Encapsulation (the good parts) basically means don't share your private data. That way no one can depend on it, and you can change it (structurally or literally mutating a value) without breaking anyone using your object. 99% of what you should expose on an object is "behavior" aka methods. That way the user of the object focuses on what behavior they want to utilize, not the details of the data. Exceptions being, of course, DTOs which are objects used purely for data purposes. These are used a lot at the edge of systems, because bits going over the wire or being rendered to a monitor, are only data anyway.
Polymorphism is simply substituting one object for another. For example, a car can have a key or push-button start. They work inherently differently, but you could substitute one for the other. Note that since you mentioned Python -- a dynamic language -- you probably don't have to worry about polymorphism too much in practice. It is understood that a variable could be any object. If I call .foo() on the object then I am obviously expecting that method to be there no matter which specific type of object I was given. Static typed languages require extra syntax to handle polymorphism, which could be one of the reasons it is extra emphasized.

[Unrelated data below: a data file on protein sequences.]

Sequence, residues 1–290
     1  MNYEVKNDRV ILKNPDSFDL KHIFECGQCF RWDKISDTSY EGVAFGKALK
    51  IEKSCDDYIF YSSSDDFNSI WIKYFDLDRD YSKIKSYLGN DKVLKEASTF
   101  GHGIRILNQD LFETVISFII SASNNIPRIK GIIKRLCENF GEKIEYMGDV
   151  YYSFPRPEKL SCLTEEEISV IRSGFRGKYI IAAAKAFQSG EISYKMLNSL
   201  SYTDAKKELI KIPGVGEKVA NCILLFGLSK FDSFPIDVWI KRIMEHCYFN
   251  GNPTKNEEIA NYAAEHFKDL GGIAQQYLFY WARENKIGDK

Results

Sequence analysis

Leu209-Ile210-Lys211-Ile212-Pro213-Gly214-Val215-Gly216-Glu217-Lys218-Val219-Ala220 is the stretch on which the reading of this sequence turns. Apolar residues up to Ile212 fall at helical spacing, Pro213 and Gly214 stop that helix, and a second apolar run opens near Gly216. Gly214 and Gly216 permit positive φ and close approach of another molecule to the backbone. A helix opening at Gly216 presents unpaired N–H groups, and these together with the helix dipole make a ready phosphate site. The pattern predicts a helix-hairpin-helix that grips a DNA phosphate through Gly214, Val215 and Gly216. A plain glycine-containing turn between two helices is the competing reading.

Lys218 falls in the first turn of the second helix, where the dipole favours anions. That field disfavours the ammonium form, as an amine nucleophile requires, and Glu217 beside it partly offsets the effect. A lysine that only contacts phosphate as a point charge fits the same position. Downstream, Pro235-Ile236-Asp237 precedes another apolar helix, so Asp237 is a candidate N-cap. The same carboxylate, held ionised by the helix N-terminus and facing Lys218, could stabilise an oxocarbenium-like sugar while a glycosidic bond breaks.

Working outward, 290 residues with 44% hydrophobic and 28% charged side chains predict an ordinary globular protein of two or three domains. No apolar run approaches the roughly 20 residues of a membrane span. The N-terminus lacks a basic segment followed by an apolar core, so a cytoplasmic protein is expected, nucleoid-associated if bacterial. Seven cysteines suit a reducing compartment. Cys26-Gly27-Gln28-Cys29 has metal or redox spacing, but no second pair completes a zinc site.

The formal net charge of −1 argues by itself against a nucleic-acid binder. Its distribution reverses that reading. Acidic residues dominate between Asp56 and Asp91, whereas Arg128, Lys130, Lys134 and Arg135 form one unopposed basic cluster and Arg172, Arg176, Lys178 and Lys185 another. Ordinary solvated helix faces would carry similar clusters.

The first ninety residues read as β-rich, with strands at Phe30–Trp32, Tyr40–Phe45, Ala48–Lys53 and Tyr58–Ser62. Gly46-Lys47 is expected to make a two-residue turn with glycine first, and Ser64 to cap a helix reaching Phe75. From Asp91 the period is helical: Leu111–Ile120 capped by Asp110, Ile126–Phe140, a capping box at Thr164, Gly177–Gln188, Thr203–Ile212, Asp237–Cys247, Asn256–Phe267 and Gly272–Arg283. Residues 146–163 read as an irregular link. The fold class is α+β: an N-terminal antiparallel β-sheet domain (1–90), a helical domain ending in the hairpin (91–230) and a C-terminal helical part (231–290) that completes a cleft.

Encapsulation is not so common in FP, since you are encouraged to separate data and functions (into types and modules respectively). Types are primarily used as a means of communication between functions, so they usually don't make sense as private things. And you also don't have to worry about the data you communicated out to another function being changed out from under you, due to immutability. So there's not much need to make data private or encapsulate it behind an object with methods. The FP languages I use do allow for private data, but I rarely bother.
FP does make extensive use of polymorphism, especially for core types like List and the functions on them. So you can make a list of Widget or a list of FooBar. List provides the same functionality no matter which type it is containing. So you can also use the filter function on a list of Widgets or a list of FooBar. In addition to collections, FP typically has some other polymorphic types like Result and Maybe to represent data which can be in an either/or state.
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